Between 2017 and 2018, there was a 0% increase in HAP, which is a form of social housing support provided by all local authorities, which is paid to private landlords. 

While the minister welcomes that HAP has not dramatically increased, Ó Broin said the 2018 figures confirm “once again the government’s over reliance on private rented sector to meet social housing need”.

He states that while there has not been an increase, a large part of all social housing supports delivered last year are made up of privately owned properties subsidised via HAP, RAS and leasing. 

The minister said HAP did not increase significantly in 2018, but all other delivery streams did.

Screenshot 2019-02-13 at 18.55.20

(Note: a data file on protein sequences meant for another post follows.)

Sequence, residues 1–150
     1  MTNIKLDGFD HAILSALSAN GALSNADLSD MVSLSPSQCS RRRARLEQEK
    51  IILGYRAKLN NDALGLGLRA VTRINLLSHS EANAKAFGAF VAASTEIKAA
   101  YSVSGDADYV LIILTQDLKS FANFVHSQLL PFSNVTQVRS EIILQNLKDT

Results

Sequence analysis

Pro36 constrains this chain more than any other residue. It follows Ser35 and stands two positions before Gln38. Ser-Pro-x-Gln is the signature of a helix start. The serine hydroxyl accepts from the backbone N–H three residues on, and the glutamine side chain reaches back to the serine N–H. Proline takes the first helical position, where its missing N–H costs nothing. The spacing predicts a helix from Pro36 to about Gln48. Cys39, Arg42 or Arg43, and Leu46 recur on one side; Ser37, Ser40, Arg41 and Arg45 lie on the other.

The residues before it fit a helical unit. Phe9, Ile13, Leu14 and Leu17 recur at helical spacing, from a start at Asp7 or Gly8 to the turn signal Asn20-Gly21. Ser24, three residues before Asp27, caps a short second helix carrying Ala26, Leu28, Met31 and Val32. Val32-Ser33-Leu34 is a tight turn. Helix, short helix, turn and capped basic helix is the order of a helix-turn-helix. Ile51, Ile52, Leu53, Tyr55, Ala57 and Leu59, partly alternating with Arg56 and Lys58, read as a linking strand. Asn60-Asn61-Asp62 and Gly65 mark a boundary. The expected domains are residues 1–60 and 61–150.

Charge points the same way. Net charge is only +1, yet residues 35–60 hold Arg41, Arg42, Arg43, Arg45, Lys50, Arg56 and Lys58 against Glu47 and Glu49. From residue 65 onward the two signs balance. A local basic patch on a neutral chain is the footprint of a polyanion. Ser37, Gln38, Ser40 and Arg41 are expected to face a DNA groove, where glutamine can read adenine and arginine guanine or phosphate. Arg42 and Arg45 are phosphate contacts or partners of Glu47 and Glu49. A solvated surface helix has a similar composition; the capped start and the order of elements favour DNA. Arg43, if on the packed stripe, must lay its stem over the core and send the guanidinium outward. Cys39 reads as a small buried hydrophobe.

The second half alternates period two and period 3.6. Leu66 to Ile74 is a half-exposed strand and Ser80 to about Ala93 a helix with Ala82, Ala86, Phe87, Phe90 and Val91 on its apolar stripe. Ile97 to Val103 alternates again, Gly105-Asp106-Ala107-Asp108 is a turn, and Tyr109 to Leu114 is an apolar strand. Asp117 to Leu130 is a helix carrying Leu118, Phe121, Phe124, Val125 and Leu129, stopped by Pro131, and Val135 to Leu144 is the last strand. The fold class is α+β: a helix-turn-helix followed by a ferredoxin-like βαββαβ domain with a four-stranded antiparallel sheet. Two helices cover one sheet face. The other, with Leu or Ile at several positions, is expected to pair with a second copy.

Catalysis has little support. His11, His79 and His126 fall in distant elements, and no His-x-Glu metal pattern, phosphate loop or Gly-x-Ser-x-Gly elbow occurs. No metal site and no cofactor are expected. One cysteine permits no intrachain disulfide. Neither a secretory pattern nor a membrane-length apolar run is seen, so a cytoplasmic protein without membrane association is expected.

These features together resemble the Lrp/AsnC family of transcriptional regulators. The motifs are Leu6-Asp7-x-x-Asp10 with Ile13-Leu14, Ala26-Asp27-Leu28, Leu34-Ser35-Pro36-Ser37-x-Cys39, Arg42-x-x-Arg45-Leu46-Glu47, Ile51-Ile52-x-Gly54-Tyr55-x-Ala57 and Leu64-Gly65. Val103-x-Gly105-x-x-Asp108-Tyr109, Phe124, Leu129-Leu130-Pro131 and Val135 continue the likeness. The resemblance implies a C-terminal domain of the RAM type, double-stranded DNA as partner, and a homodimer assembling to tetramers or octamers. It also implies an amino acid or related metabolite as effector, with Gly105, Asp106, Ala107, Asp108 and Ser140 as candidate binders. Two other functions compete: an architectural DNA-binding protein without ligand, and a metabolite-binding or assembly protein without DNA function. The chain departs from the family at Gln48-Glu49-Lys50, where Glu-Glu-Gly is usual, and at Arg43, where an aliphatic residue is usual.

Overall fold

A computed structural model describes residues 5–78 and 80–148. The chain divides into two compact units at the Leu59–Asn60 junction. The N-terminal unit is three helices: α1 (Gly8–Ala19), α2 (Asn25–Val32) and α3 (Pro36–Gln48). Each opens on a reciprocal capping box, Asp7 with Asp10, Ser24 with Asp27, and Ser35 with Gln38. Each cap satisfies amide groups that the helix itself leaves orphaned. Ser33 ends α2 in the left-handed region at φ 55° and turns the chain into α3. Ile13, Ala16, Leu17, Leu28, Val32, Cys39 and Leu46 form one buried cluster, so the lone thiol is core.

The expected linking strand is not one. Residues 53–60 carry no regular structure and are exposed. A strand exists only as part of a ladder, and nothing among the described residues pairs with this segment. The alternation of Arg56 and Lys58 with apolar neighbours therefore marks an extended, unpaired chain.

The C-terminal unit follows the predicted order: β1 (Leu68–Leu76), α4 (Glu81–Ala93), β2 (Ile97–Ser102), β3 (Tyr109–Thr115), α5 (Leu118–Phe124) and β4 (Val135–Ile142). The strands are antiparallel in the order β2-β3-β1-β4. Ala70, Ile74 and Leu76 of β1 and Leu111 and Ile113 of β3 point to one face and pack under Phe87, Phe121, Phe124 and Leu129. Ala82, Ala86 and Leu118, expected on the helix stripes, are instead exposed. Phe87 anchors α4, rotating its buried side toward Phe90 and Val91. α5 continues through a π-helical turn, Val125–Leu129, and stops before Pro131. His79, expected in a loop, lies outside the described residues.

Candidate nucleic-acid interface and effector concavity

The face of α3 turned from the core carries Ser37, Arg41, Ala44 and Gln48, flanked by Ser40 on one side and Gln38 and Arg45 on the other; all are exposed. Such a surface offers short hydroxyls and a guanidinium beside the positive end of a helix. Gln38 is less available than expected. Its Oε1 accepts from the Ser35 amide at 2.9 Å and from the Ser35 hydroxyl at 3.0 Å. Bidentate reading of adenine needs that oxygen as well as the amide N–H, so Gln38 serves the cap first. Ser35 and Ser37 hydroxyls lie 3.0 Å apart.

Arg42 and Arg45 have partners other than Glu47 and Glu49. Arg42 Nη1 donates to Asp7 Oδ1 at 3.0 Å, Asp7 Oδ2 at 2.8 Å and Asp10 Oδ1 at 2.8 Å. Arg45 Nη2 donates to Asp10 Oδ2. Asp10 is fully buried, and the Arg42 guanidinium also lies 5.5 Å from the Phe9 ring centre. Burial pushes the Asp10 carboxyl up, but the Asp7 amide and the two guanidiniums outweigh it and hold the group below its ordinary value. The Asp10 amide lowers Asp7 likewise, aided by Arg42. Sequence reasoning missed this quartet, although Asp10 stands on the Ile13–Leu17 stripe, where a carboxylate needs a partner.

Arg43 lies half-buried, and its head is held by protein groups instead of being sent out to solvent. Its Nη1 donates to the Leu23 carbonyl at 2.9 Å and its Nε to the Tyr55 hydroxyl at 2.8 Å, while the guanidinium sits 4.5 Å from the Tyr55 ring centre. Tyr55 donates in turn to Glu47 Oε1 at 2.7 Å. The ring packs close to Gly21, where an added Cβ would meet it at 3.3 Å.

Announcing the delivery output for 2018, Murphy said:

“Roughly one in four new homes built last year was a social housing home. The new build figure is 85% up on last year and eight times higher than 2015 – the year before Rebuilding Ireland began. This is not a coincidence.”

He maintained the plan to dramatically increase supply is working, but added that there is “a lot more work to do for those who are depending on us, not least those in emergency accommodation”.

While there is no quick fix, he acknowledged, he said the government’s housing plan is now showing real progress in the delivery of new homes and new social housing homes.

Rents and house prices

He also noted there has been a moderation in rents and property prices.